Being diagnosed with lung cancer or mesothelioma doesn’t necessarily mean that there’s a very specific treatment plan for your medical team to administer. Depending on the type and stage of your illness, your doctors may decide to shrink the tumors with chemotherapy, radiation or both. Usually, when your healthcare team decides to use a combination of these treatments, they’re likely to administer them in different sessions that are widely spaced apart in time.
However, CURE magazine recently highlighted the fact that a growing number of physicians are offering the different treatments at the same time. Here’s what you need to know about this discovery.
Let’s review the basic treatments for mesothelioma
When it comes to malignant pleural mesothelioma, whatever treatment a doctor recommends depends on how advanced the disease is. If the illness is caught early enough, physicians may recommend surgical removal of the pleural lining, the diaphragm, the covering of the heart or, in some cases, one entire lung.
For other patients, radiation and chemotherapy are the way to go. Radiation treatments can target areas of cancer that are inaccessible to surgery. This treatment can cause side effects such as fatigue and skin burns, but doctors are trying to minimize these problems with the help of more precise devices.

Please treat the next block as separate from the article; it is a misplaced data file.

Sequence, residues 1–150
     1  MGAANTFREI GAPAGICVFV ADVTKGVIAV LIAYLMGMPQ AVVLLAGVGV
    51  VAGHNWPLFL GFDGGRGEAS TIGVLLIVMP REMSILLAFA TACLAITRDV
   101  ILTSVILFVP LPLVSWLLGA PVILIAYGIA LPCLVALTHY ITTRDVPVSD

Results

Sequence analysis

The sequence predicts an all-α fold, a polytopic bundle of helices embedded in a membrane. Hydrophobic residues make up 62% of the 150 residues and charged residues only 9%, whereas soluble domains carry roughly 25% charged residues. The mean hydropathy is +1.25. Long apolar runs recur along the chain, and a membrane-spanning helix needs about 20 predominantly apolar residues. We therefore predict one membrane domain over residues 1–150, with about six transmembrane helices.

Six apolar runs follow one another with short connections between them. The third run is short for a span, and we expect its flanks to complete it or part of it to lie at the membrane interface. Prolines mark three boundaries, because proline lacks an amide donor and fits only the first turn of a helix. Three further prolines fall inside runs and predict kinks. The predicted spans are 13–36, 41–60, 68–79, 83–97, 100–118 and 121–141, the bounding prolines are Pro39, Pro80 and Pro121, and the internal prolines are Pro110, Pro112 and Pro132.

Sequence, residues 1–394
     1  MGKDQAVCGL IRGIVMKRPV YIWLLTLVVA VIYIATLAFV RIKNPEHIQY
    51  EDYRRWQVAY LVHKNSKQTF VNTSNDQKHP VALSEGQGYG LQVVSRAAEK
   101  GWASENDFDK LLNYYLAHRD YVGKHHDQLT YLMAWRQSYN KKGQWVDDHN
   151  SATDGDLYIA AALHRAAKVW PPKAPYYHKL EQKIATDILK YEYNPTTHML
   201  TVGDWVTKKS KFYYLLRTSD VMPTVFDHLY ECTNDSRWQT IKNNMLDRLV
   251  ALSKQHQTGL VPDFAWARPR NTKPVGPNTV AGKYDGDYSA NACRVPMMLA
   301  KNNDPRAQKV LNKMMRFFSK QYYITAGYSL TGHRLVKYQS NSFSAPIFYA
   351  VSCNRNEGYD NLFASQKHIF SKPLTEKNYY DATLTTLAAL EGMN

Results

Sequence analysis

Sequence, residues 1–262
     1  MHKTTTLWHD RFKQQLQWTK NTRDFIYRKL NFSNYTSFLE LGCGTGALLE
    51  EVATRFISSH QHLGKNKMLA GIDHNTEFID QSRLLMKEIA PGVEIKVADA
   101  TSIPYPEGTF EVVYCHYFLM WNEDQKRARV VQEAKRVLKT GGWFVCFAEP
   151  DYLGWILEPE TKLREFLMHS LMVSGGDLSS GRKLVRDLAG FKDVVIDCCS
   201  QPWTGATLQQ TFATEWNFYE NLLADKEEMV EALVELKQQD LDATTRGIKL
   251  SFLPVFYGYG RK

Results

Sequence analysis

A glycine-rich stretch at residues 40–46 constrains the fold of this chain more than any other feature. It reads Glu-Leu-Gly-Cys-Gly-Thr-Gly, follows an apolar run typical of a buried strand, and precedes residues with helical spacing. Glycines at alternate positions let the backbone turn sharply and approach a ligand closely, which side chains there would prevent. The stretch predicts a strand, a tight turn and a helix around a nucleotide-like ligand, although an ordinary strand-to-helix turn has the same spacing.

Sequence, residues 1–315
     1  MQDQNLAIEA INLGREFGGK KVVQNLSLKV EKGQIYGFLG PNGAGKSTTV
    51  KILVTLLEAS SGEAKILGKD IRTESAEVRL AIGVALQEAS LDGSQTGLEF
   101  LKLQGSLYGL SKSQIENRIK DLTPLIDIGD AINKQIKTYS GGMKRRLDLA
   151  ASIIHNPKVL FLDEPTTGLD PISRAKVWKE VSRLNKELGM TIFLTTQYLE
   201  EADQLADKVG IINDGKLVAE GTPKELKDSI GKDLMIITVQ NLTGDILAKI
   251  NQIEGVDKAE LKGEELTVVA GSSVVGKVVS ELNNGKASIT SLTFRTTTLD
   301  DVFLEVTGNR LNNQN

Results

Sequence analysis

Meanwhile, chemotherapy hurts the cancer cells by breaking the inner machinery that they use to make copies of themselves. The most common drug combination for mesothelioma is pemetrexed with cisplatin. This treatment may also cause fatigue and other problems.
What do simultaneous radiation and chemotherapy do?
When chemotherapy and radiation are administered simultaneously, it’s called chemoradiotherapy. Scientists have experimented with this approach for at least 50 years. The idea is that the radiation kills tumors locally, and the chemotherapy fights metastases around the body while sensitizing the tumors to the radiation.
Here’s what Mitchell Kamrava, a radiation oncologist with the University of California, Los Angeles Health System, told CURE magazine:
“In many cases, the addition of chemotherapy to radiation actually leads to improvements in overall survival versus just using radiation alone.” he said. “We have seen this in many tumors, from the brain down to the pelvis.”
Yes, this treatment sounds pretty potent, but there are several potential benefits to CRT. In cases of head and neck cancer, CRT may be powerful enough to shrink a tumor and avoid the need for surgery, which can alter physical appearance and function.
There is also evidence that CRT is beneficial for cancers that affect the lungs, bladder, pancreas and colorectal region.
Side effects are still a problem
Both chemotherapy and radiation can cause side effects on their own. Combining them into an in-tandem treatment can, in some cases, make certain symptoms – like fatigue – more severe. Also, depending on whether radiation is targeted to the chest, head and neck, or abdominal regions, patients may develop sores or other signs of inflammation that can make it difficult to eat or digest food.
Doctors are trying to minimize these effects by using tools that allow them to modulate the amount of radiation that they use.
If you experience any side effects from therapy, don’t brush them off as par for the course. Be sure to talk to your physician, who may be able to provide some relief.